As I’m sure all of you know, two big cases (for LGBT rights, that is) were heard today and yesterday by the Supreme Court. Prop 8 is especially important to me because my partner and decided over four years ago–when Prop 8 passed–not to get married until the institution is defined–in our state of California–without discrimination.
I’ve written about it here and here, but I realize that some of my readers might not know what I’m talking about so I’ll recap a little. Over four years ago, Mi.Vida and I started talking about getting married. We were about to start trying to have a child and we felt the first logical step was to tie the knot. We never planned to do anything big, but we did want to stand in front of the people we most cared about and declare and our love and commitment for each other.
Then Prop 8 passed, amending the California constitution to define marriage as only between a man and woman. This voter initiative passed months after gay marriage had been legalized, leaving thousands of married LGBT couples unsure of where they’re unions stood in the eyes of the state.
Mi.Vida and I quickly decided that we no longer wanted to join into the institution of marriage in our state if it was defined by prejudice and discrimination. Because civil unions are only offered to same sex couples in California, we were forced to become domestic partners in the city of San Francisco, a mostly symbolic gesture that didn’t actually grant either of us any rights as the other’s partner. We exchanged rings and vows at the court house, with our immediate family watching, but we did not become man and wife. It definitely felt like something was missing.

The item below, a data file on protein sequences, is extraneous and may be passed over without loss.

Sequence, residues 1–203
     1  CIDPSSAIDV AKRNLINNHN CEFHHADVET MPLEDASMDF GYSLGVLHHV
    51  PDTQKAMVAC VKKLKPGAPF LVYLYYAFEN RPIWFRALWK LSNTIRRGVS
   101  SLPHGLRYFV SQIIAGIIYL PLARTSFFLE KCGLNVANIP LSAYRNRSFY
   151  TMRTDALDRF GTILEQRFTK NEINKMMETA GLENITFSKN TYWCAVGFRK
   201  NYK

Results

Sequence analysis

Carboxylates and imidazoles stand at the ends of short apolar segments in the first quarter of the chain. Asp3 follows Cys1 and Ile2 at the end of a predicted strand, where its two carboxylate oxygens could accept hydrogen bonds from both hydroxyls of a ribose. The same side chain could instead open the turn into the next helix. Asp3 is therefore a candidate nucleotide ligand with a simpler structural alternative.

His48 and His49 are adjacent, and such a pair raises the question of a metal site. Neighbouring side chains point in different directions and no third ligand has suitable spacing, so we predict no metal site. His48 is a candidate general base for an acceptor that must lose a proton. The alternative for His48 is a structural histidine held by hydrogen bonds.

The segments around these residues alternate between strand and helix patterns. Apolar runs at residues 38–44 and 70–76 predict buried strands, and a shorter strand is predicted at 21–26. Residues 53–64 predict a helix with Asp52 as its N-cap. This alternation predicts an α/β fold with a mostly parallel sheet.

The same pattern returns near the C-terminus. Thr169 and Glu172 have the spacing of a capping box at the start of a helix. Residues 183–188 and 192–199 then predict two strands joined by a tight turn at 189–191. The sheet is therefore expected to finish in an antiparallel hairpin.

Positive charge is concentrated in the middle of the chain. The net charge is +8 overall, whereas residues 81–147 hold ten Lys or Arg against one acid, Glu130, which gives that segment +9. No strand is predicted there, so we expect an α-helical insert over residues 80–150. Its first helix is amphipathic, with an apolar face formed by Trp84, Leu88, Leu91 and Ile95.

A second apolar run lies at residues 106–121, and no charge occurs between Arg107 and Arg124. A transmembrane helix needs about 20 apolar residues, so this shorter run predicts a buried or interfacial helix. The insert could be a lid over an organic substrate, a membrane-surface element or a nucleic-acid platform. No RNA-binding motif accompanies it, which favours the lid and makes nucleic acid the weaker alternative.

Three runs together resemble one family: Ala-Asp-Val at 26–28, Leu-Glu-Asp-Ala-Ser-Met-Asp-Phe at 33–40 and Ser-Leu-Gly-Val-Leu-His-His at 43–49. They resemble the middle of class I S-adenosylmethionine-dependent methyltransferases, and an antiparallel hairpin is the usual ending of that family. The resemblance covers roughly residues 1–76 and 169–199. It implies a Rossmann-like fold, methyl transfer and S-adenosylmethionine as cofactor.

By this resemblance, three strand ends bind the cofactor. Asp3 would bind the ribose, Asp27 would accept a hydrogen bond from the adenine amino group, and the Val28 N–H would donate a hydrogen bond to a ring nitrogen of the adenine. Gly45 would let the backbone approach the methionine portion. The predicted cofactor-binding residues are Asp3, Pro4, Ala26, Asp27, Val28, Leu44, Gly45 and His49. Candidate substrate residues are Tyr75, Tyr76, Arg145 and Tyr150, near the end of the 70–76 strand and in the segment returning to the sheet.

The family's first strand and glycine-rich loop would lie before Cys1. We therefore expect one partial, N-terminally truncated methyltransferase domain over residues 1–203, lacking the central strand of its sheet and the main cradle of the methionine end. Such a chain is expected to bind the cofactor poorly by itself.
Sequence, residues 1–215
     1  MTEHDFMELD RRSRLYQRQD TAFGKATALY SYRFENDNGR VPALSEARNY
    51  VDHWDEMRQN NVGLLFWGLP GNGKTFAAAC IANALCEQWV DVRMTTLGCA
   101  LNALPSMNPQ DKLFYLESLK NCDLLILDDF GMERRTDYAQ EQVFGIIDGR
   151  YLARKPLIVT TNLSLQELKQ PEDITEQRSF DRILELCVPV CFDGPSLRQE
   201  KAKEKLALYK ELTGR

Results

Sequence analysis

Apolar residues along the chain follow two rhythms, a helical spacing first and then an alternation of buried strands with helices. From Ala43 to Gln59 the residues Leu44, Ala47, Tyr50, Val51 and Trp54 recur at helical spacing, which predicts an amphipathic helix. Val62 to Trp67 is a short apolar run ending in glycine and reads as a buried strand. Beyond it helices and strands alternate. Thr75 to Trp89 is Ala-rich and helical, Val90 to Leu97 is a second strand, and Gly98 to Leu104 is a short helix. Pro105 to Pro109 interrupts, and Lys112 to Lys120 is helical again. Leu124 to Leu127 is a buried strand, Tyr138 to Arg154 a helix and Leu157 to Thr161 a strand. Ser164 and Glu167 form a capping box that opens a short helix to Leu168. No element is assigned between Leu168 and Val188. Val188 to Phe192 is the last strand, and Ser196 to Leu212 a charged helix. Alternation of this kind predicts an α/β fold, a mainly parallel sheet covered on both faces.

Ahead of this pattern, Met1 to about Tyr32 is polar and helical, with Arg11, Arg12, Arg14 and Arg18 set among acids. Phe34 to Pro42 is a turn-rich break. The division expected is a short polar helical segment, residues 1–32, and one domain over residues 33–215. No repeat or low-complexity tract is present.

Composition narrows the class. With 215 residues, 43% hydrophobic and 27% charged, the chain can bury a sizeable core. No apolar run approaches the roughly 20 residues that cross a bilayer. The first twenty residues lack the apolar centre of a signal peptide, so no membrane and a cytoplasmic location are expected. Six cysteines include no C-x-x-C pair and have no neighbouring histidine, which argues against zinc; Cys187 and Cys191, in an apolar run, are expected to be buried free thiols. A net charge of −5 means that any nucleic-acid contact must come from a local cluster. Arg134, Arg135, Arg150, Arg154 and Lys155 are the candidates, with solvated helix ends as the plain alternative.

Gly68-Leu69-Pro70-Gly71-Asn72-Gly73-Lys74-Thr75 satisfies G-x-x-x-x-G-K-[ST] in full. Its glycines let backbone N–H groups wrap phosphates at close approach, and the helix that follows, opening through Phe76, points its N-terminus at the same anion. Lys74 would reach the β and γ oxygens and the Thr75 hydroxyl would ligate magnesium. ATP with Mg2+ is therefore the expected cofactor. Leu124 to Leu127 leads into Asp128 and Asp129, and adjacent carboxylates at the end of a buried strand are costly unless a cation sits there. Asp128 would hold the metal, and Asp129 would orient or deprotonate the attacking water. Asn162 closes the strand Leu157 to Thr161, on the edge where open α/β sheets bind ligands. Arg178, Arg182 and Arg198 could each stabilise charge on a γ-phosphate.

In the last four years we watched the progress of Pop 8 in California carefully. We were thrilled when it was deemed unconstitutional but knew we still had a long wait ahead of us before it would be heard by the Supreme Court.
And now it has. The justices have many avenues open to them. Because of the case itself, they could uphold the California court ruling without even mentioning gay marriage at all, if they determine that the organization that is arguing against gay marriage lacks the standing to do so. They could also uphold the ruling in California by declaring Prop 8 in violation of the California constitution. Finally, they could make a sweeping declaration that marriage is everyone’s right, everywhere, effectively forcing gay marriage on the 41 states that don’t currently allow it.
Most people seem to be expecting (or at least hoping) that Prop 8 will be overturned in California but few think the judges will make any sweeping declaration about gay marriage in the United States; it just seems unlikely that they will do so when there are other, less divisive, avenues to pursue. And for right now, honestly, I’m okay with that. I don’t know if this country is ready to give equal rights to all (so sad to say that), but I do think it will happen in my life time. And I sure as hell hope it happens in California really soon, because I want to stand in front of my friends and family and declare my love and commitment to my partner. And I want to do it entering into an institution of marriage that is defined by love and respect, not by fear and exclusion.